We agreed to forgo the traditional safari "sundowner" ritual of finding a vantage point to watch the sunset, and instead stay with the leopards. The cub, apparently disagreeing, took a chunk of meat and climbed onto the low bough of a sausage tree, enjoying it in the last, red rays of the day. After demolishing the meal, we watched the cub stalk a wily dove, and then roll over like a kitten when its prey flew away.

Soon, I too took to the air, arriving onto the grass strip near Lebala Camp in the Kwando Reserve to be met by the jovial Steve Kgwatalala and his tracker, Moeti Madibela. Bordered on its east side by the Kwando River, this reserve is only just bigger than Hertfordshire, but in the late dry season, more elephants congregate here than live in the whole of South Africa. As part of the government's "high revenue, low volume" strategy for tourism, this reserve is limited to just 28 human visitors at any one time.

Typical of Botswana's camps, Lebala is not cheap, but it is very good. You get a canvas suite the size of a good two-bedroom flat, plus great guiding in a pristine area. We drove out after afternoon tea. A quiet English couple from Bristol joined us, slightly horrified at Moeti's corner-seat on the 4WD's front corner. What happens if we meet a dangerous animal? "He sits very still," was Steve's semi-serious response.

Half an hour later, Steve and Moeti were studying spoor on the road. With scarcely a word they climbed back on board, spun the wheel and we bounced off the track and into the bush, following the spoor like bloodhounds as it snaked away from the river. It was almost sundown before we found our quarry. Apparently oblivious to our presence, seven wild dogs and about as many puppies lazed at the foot of a magnificent baobab tree. These are the rarest of Africa's large predators; estimates suggest that fewer than 3,000 are left. They're unique in running down their prey and need to range over enormous areas, so northern Botswana, with its continuous stretches of unfenced parks and reserves, is Africa's best place for them.

We sat and watched and waited: 40 minutes later one started to rise, then stretch, and within minutes they were all on their feet. There was great excitement and much commotion - yelping, licking and whining - before one by one they trotted off. We tried to follow, hanging on to our cameras at what seemed like break-neck speed, until the woods grew thicker and we had to abandon the chase.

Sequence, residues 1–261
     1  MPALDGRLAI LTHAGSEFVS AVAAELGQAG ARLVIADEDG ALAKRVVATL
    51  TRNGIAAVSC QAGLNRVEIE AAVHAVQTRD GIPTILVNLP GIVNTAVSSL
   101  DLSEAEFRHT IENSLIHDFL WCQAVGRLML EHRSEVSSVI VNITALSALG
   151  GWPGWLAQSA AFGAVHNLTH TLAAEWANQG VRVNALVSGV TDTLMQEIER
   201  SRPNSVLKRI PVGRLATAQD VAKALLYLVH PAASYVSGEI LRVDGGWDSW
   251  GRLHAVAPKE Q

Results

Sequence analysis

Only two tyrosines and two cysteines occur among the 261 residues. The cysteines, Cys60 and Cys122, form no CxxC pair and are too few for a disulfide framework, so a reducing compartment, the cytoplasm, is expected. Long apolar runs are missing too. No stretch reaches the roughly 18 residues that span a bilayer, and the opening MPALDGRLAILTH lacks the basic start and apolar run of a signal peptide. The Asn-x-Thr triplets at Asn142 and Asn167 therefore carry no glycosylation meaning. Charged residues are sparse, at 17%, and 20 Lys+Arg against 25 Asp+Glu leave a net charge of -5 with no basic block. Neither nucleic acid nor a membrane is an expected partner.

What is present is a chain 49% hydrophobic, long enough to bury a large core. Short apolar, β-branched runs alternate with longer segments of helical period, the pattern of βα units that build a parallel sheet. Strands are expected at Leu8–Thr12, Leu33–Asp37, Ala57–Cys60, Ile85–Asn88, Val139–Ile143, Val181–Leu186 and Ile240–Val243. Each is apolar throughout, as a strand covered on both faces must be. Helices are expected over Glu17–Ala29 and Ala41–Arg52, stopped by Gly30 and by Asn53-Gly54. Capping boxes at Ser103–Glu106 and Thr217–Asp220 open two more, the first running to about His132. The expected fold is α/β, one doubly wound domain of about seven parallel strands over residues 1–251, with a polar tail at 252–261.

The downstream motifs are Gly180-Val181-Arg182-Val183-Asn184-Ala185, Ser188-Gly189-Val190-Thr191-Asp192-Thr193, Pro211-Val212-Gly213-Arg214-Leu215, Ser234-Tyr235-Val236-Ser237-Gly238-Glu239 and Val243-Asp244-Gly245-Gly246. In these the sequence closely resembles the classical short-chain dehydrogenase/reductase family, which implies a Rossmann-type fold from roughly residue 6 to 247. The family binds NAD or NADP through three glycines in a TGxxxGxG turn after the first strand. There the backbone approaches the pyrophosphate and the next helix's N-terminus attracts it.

Getting down from the vehicle, Steve tried to explain why we'd lost them but I was miles away. I was trying to remember what type of trees formed woodland with such lovely Gothic arches.

Chris McIntyre is the author of Bradt guidebooks to Botswana, Namibia and Zambia. He is also managing director of Sunvil Africa, a leading specialist tour operator to Botswana

TRAVELLER'S GUIDE

WHEN TO GO

January-March is the rainy season and best for bird-watching. The game is better during the dry season, May-November, and prices are highest July-October. Book nine to 10 months in advance to get your first choice of camps.

GETTING THERE

Fly via Johannesburg, using regional connections to Livingstone, in neighbouring Zambia, or Maun.

STAYING THERE

Jao Camp costs £313-£500 per person sharing, and Chitabe Trails £224-£341. Both are run by Wilderness Safaris ( www.wilderness-safaris.co.za). Lebala costs from £221-£353 per person sharing and is run by Kwando Safaris (00 267 686 1449; www.kwando.co.za). Sunvil Africa (020-8232 9777; www.sunvil.co.uk/africa) offers a 12-day itinerary, including three nights in each of Jao, Chitabe Trails and Lebala, from £2,891 per person sharing; this includes scheduled flights from Heathrow, light aircraft transfers, all game activities (game drives, boating and walks), meals and drinks.